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Fantasy Magazine #55 - October 2011
Edited by John Joseph Adams
Cover Artist: Bram Leech
Review by Sam Tomaino
Fantasy Magazine Magazine  
Date: 27 October 2011

Links: Fantasy Magazine / Pub Info / Table of Contents /

Fantasy Magazine #55, has stories by Tim Pratt, Nadia Bulkin, Kristine Kathryn Rusch, and Author Spotlights on all of them (and an Artist Spotlight of cover artist Bram Leech), and non-fiction articles by Genevieve Valentine, Jeremiah Tolbert, and Christopher Priest, along with a Feature Interview with Richard K. Morgan by Andrew Liptak.

Fantasy Magazine #55, is an online magazine. It works just like Lightspeed. You can find the issue and how to pay (or not) for it at Beginning with the August issue, I instituted a policy of only reviewing original stories. As usual, this magazine has two, but since one of the reprints is from a 2011 anthology, I'll treat it as new and review it.

"The Secret Beach" in the story by Tim Pratt is something our narrator finds one day. He is walking around in the middle of Berkley on his way to buy a bottle of club soda so he doesn't have to drink his booze straight. He sees two teenagers walking with wet bathing suits and sand on their legs. He asks where they've been and they just say, "The beach." There is no beach anywhere nearby but our narrator follows the wet footprints and makes his way through a hole in a fence and finds a beach that could not possibly be anywhere near Berkley. Has he entered some fantasy world? Well, this one has a real surprise at the end and it all comes together for a great story.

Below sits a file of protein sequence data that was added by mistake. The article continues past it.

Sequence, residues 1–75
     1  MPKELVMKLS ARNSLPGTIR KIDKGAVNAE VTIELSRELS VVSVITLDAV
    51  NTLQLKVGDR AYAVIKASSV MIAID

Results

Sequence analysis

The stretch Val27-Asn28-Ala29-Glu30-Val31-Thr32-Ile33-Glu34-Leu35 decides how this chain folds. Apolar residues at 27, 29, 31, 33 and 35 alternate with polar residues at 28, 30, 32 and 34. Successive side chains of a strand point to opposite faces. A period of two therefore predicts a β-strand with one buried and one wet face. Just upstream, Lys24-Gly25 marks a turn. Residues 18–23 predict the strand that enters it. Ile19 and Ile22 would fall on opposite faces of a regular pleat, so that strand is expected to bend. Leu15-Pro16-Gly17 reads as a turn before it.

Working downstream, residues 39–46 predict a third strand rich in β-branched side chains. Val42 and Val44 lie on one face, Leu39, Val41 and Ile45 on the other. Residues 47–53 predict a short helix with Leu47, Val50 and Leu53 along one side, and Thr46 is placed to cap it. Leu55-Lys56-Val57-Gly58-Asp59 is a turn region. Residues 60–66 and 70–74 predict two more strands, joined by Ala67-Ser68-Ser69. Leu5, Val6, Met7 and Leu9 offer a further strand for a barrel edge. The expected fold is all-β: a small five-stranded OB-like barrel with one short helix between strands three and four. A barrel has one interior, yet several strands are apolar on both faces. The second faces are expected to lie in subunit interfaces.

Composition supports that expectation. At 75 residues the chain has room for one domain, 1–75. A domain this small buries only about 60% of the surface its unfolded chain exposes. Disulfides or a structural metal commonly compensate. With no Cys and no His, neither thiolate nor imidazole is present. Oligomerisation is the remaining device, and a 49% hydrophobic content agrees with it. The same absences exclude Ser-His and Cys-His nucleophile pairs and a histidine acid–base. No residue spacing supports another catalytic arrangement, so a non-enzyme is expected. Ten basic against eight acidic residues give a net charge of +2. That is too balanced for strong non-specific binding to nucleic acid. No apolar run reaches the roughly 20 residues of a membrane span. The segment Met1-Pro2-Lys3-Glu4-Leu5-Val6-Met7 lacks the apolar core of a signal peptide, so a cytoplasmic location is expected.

The reprinted story that is still a 2011 story is "Absolute Zero" by Nadia Bulkin (Originally published in Creatures: Thirty Years of Monsters edited by John Langan and Paul Tremblay, 2011). It begins with Max Beecham's mother Deena showing him a photograph when he was eight years old, saying "That's your father." The only problem is 'that' is a naked man with the head of a stag. Max starts to call it the Stag-Man and he begins to see it following him. Years later, after his mother his dead, a man named Tom Lowell captures something he calls the Creeker and exhibits it in a cage. Max goes to look at it and, it's dear old dad. The creature has an effect on the people that see it and certainly has an effect on Max. This develops into quite a good fantasy from a talented writer.

In "Unnatural Disaster" by Kristine Kathryn Rusch, Jaclyn Tadero is the police chief in the Oregon coastal town of Whale Rock. She's not a native, having come from Chicago after a shooting incident that shook her up. The locals haven't exactly made her feel welcome. As the story opens she is patrolling the beach to keep it clear of gawkers because of a possible coming tsunami. She finds what she thinks is a body on the beach and calls the coroner. Before he arrives the body moves and a tentacle lunges for her. She has more to worry about than a tsunami. One thing I like about Rusch's writing is her ability to create interesting characters while telling a great story. She does that here.

The fifty-fifth issue of Fantasy Magazine is a fine issue of the magazine. Check it out at their web site and support them in some way.

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